First Minister Nicola Sturgeon attacks her predecessor and regrets that her government responded late to his scandals. Your election expectations for May are still hanging.
Scottish “First Minister” – Prime Minister – Nicola Sturgeon vigorously defended herself on Wednesday against the accusation that she lied to the Regional Parliament in Edinburgh. Before a commission of inquiry, the Scottish National Party leader apologized for her government’s failures and mistakes. However, she and her team did not have to harm her predecessor in the state and party office, Alex Salmond. It also did not violate the rules of ministers. The opposition announced a vote of no confidence in the sturgeon.
The committee is examining the problematic approach of sturgeon management in the disciplinary and criminal investigation of alleged sexual crimes allegedly committed by Salmond during his tenure through 2014.
The former Prime Minister filed a lawsuit against the disciplinary investigation in the country’s highest civil court and was also sentenced to court of law and £ 512,000 for damages from the state treasury. He was acquitted of all charges in criminal proceedings last March.
In his appearance before the commission of inquiry, the advocate for Scottish independence denounced the Sturgeon government last week. Aside from the prime minister, who did not want to ask for his resignation, he directed his displeasure primarily against the country’s highest official, Leslie Evans, and Attorney General James Wolf: “The leadership of Scotland has failed.” Their actions do not conform to “principles of openness, transparency and responsibility.”
Indeed, the government has refused to hand over important documents to the commission for several months. SNP chairperson Linda Fabiani was “totally disappointed” by this. It wasn’t until the beginning of the week that Parliament mandated publication of legal expertise from the time of civil action. It appears that prominent legal experts have warned for weeks that the proceedings will continue before the government finally gives in. Because the internal investigator had already discussed complaints with those affected previously – a rookie mistake, as in the book.
For Sturgeon, appearing nine weeks before the next regional election was a balancing act. She was skilled at determining the fate of these women who complained about Salmond. And unlike in criminal law, there is no doubt about the “extremely inappropriate behavior” of her former teacher. Sturgeon specifically indicated that her predecessor didn’t say a word about his misconduct during his six-hour testimony last Friday.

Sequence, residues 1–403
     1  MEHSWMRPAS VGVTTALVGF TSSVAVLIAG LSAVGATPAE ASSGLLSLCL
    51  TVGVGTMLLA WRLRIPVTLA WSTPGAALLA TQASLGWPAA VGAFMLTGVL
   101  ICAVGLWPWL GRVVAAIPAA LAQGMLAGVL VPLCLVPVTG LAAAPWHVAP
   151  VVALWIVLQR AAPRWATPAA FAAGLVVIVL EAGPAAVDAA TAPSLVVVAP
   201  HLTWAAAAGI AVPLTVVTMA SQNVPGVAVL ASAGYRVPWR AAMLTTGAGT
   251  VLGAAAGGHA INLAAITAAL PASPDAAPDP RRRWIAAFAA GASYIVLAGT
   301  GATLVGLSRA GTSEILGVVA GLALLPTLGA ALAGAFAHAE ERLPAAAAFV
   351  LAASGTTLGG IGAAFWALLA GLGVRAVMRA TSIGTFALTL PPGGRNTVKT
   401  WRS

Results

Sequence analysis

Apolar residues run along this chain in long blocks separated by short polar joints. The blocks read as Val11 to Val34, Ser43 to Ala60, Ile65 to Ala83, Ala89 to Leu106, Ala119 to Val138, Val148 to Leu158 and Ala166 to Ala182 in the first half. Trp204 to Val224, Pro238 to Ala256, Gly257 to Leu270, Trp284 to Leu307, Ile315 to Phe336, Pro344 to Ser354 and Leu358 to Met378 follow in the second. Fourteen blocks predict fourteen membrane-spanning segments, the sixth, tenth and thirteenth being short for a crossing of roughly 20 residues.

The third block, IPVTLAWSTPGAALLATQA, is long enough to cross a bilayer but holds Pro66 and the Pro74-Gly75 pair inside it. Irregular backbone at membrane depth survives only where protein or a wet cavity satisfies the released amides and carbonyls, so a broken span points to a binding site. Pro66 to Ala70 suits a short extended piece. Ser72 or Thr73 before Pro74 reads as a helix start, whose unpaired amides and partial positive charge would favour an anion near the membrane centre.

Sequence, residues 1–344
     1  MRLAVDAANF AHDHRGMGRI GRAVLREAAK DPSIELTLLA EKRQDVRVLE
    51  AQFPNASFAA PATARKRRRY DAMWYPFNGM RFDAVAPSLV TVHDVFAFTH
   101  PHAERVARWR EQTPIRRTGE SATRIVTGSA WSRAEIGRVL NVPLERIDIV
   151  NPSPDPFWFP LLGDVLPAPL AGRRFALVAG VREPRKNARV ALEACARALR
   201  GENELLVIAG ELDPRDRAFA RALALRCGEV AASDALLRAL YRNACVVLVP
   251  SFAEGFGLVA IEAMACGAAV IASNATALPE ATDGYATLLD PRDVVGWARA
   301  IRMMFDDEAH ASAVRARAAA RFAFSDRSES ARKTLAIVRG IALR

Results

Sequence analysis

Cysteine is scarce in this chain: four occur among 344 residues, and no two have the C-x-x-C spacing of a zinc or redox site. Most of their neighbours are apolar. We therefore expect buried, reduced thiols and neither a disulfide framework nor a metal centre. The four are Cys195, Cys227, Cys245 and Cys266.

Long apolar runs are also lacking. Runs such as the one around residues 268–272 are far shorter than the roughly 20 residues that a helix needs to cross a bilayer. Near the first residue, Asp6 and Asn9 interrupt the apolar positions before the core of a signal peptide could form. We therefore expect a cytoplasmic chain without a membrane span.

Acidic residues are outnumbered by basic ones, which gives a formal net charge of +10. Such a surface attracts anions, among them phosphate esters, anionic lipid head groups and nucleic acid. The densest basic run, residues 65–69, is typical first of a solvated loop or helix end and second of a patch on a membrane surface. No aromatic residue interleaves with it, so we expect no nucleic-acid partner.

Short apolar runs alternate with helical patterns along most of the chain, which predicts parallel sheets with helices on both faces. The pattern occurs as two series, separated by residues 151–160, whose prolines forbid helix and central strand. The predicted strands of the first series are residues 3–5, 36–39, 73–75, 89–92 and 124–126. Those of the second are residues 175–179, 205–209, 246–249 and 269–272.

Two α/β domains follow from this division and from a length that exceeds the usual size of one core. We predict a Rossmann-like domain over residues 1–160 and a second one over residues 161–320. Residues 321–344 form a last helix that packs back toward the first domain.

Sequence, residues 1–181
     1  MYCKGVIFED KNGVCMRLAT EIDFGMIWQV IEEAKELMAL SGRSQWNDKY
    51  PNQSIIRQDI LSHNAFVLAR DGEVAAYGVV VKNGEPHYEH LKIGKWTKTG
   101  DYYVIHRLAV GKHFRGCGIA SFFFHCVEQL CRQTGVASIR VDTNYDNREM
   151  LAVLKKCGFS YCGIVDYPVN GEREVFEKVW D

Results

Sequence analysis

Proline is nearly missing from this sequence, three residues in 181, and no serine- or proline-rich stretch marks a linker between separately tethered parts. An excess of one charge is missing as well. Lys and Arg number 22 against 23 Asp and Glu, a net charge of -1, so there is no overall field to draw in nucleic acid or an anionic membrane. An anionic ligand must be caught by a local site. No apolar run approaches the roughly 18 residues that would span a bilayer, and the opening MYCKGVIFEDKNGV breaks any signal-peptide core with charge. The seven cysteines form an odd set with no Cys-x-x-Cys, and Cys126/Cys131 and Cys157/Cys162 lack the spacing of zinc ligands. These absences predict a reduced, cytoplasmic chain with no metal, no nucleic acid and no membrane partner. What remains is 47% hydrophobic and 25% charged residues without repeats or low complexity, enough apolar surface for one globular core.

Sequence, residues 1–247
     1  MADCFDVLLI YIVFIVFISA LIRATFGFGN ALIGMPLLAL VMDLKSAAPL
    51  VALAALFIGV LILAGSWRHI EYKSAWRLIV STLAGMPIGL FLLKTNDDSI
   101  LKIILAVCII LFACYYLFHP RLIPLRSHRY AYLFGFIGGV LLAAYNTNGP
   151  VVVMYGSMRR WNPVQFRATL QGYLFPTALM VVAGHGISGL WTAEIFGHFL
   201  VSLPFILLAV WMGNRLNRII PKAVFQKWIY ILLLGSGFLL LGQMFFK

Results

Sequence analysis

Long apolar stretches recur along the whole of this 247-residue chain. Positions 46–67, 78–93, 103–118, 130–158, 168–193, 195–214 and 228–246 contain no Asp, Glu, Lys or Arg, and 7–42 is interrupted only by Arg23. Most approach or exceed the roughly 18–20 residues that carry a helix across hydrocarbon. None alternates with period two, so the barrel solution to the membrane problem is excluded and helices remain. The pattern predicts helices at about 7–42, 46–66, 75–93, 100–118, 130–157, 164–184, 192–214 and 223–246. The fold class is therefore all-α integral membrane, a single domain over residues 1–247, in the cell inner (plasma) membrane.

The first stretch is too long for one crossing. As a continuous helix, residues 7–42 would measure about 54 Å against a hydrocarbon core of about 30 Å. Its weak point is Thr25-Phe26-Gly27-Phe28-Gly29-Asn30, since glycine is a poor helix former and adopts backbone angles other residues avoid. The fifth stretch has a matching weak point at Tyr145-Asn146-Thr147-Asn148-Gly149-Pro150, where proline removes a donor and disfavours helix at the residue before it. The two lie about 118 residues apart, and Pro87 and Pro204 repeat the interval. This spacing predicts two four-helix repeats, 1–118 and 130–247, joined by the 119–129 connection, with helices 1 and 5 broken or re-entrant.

The Prime Minister placed disciplinary and criminal proceedings against Salmond in the context of the MeToo movement. The crimes of powerful men in culture, media and politics that became public through the Twitter campaign resulted in tighter regulations. But this was not “Lex Alex Salmond.” As early as the winter of 2017/18, she had a “persistent suspicion” that the allegations against her predecessor could emerge. However, she has openly distanced herself from the procedures.
This statement is in stark contrast to the statements made on Tuesday by two former senior figures in the Scottish National Party. They confirmed the acceptance of the director of Salmond’s office, after which the prime minister promised personal intervention. Additionally, Sturgeon’s office manager gave him the name of a complainant at the time.
Because of this breach of trust and past inconsistencies in her statements to Parliament, conservative opposition leader Douglas Ross is now seeking a vote of no-confidence in Sturgeon. You “lied to parliament.” A SNP spokesman described Ross’s approach in the midst of the Coronavirus pandemic as “totally irresponsible”.
The commission wants to present its report by the end of March, as well as an independent investigative lawyer. In opinion polls for elections at the beginning of May, the Scottish National Party is still in the lead, and an absolute majority of seats appear realistic. When it comes to the issue of independence, which has always been their top priority for both Salmond and Sturgeon, Schott: Inside was totally hesitant: 50:50. In the 2014 vote, she was 55:45 to stay in the UK.